Each week, we post reflection questions from Sunday’s sermon text for those who would like to go deeper in their study of the Word. You can find the worship service for this Sunday on our Youtube page: https://www.youtube.com/watch?v=aYTINJvMDfA
Nov. 15, 2020
This week is the last Sunday of Ordinary Time on the Church calendar. Next week, we celebrate the Feast of Christ the King and are off into another liturgical year with Advent, but today we simply call “The 24th Sunday after Pentecost.” We call this ‘ordinary’ time not because it is plain, but because we count the ordinals in this season. The color of this season is green because it is a time to do the daily work of growing as disciples. All of that is thematically appropriate as we consider this week’s text, a prayer about time and the “counting of days”:
- “Only 38 Shopping Days Remaining!” Every year as we approach the holiday season, the countdown begins (earlier every year it seems!). In my family, each December 1st we would take out our Advent Calendar with its 24 boxes and watch each one opened as we got closer to Christmas Eve. Does the countdown to Christmas make you eager and excited or weary and wary? What other events or dates do you countdown to and anticipate? Who in your life is always planning ahead?
- It’s healthy and hopeful to have things to look forward to; even in uncertain times or seasons in which plans may change. On the other hand, always anticipating something in the future sometimes takes us away from living in the present moment. We should never “wish our lives away,” because as this psalm reminds us: we only have a limited time in the world. “The days of our life are seventy years, or perhaps eighty, if we are strong…” Is there a part of your life that you didn’t appreciate at the time but now remember fondly? Is there any part of your life you look back on with regret; how do you reconcile yourself to that? How do you ‘seize the day’ and embrace living in the present?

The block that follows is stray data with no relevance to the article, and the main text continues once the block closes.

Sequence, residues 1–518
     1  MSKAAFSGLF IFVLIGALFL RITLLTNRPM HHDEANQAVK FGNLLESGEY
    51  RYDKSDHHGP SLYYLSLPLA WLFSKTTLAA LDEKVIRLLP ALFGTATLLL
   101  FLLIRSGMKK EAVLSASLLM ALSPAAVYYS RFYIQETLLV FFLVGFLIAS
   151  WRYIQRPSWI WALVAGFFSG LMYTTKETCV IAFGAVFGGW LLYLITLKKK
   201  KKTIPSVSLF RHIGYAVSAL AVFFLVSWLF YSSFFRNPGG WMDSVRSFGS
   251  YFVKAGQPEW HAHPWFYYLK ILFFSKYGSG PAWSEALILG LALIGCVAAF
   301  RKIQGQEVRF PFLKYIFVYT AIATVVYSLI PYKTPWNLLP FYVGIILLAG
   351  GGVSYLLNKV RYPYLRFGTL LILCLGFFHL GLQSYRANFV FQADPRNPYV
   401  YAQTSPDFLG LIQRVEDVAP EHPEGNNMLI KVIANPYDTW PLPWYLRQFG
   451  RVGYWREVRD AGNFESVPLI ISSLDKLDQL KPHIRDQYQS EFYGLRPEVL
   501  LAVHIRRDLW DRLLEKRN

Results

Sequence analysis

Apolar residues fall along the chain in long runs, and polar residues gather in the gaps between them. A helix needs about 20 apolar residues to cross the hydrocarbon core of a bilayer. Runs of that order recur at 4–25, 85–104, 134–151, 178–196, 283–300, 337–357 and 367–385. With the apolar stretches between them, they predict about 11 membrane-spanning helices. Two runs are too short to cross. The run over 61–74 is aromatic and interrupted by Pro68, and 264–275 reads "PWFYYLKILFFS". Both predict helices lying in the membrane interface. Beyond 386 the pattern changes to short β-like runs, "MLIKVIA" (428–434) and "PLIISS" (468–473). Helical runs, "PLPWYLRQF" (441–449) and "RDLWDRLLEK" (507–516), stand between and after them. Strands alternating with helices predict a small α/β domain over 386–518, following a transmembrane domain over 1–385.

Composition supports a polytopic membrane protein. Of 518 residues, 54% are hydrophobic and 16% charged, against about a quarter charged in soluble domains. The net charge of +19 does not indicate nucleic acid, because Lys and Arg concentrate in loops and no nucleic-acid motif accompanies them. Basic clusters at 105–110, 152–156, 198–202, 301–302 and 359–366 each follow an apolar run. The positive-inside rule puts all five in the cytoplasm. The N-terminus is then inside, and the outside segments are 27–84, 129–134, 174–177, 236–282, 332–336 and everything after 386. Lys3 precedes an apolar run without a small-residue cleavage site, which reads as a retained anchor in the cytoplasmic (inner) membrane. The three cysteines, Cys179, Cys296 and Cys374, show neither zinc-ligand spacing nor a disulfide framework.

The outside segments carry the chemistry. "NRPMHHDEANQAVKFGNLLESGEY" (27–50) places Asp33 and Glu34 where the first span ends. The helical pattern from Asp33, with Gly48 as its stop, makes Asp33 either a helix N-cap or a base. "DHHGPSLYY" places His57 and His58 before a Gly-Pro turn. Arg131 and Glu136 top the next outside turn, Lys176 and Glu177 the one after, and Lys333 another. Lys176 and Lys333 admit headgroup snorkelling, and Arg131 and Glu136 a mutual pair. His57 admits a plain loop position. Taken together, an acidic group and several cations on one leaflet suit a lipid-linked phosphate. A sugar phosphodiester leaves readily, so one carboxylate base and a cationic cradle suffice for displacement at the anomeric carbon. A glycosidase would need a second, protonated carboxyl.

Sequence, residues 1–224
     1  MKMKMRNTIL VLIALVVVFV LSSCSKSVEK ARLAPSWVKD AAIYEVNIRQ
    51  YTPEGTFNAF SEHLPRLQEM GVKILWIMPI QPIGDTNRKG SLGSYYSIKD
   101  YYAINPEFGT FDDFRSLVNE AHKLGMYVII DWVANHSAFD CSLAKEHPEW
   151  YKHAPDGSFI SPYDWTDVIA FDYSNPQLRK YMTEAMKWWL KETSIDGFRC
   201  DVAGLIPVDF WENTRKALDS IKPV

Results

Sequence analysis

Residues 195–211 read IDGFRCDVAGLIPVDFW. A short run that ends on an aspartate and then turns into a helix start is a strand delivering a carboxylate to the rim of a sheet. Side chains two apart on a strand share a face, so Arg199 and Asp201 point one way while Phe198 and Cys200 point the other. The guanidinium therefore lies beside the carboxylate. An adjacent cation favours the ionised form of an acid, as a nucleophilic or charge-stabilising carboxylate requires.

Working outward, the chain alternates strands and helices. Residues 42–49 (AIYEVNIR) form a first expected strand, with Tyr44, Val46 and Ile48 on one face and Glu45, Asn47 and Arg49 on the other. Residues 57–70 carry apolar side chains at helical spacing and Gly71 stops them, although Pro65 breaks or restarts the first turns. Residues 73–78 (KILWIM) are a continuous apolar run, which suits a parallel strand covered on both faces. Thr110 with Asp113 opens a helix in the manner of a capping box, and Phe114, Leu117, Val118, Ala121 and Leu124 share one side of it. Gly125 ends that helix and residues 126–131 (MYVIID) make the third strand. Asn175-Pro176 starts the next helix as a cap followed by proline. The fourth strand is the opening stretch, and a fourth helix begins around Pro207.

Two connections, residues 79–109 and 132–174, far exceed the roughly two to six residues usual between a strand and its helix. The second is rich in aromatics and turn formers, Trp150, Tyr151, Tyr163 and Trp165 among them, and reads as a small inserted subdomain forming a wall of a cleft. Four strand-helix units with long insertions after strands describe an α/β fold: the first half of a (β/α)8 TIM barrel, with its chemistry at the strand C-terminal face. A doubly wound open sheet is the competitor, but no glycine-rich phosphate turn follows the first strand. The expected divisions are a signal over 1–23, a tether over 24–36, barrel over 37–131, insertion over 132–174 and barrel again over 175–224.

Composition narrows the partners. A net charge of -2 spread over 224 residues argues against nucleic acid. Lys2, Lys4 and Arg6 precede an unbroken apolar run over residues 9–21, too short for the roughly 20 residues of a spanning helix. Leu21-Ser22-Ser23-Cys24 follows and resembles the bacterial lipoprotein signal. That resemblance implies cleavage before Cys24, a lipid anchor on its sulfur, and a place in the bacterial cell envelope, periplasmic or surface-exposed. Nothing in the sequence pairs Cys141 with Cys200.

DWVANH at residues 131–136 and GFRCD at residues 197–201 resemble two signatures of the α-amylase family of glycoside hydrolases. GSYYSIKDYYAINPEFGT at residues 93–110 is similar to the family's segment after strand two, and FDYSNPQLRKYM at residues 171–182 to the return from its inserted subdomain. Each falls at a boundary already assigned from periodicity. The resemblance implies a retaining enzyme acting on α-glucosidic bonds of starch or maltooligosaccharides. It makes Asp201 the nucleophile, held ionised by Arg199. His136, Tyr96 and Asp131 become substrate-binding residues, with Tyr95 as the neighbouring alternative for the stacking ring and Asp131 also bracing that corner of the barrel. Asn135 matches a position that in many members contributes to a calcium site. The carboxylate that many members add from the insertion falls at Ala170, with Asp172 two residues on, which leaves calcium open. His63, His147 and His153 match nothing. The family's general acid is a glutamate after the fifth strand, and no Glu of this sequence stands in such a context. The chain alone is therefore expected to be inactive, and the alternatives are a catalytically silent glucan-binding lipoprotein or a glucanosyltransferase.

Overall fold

- Talking about human limits, aging, and death makes some people uneasy or even avoidant. How comfortable are you with these conversations; do they make you anxious or afraid? How well do you feel we handle these subjects as a culture? Do you remember the first funeral you attended; who was it for, and what did that person mean to you? Was anything said that was particularly helpful or unhelpful for your understanding and grief during that time?
- The psalm presents the consideration of death and human limits as a place to gain insight: “Teach us to count our days that we may gain a wise heart.” In what ways can you see great wisdom in accepting these truths? In the Rule of St. Benedict, the faithful were instructed to “keep Death daily before your eyes.” How does remembering your finitude deepen your faith and help you hold everything in proper perspective? How can learning to “count our days” inspire us live so that each of “our days count”? Psalm 118:4 says: “This is the day that the Lord has made; let us rejoice and be glad in it!” How do you try to live this in your daily life?
- In contrast to our fleeting human lives, God is forever! “Before the mountains were brought forth, or ever you had formed the earth, from everlasting to everlasting, you are God.” What comfort does it bring you to read that the Lord has “been our dwelling place in all generations”? What does it mean to you to ‘dwell’ in the eternal God?
I pray each of you feels the hope of future anticipation and the joy of the present moment this week.
Grace and Peace to you all!
Pastor Maggie Rust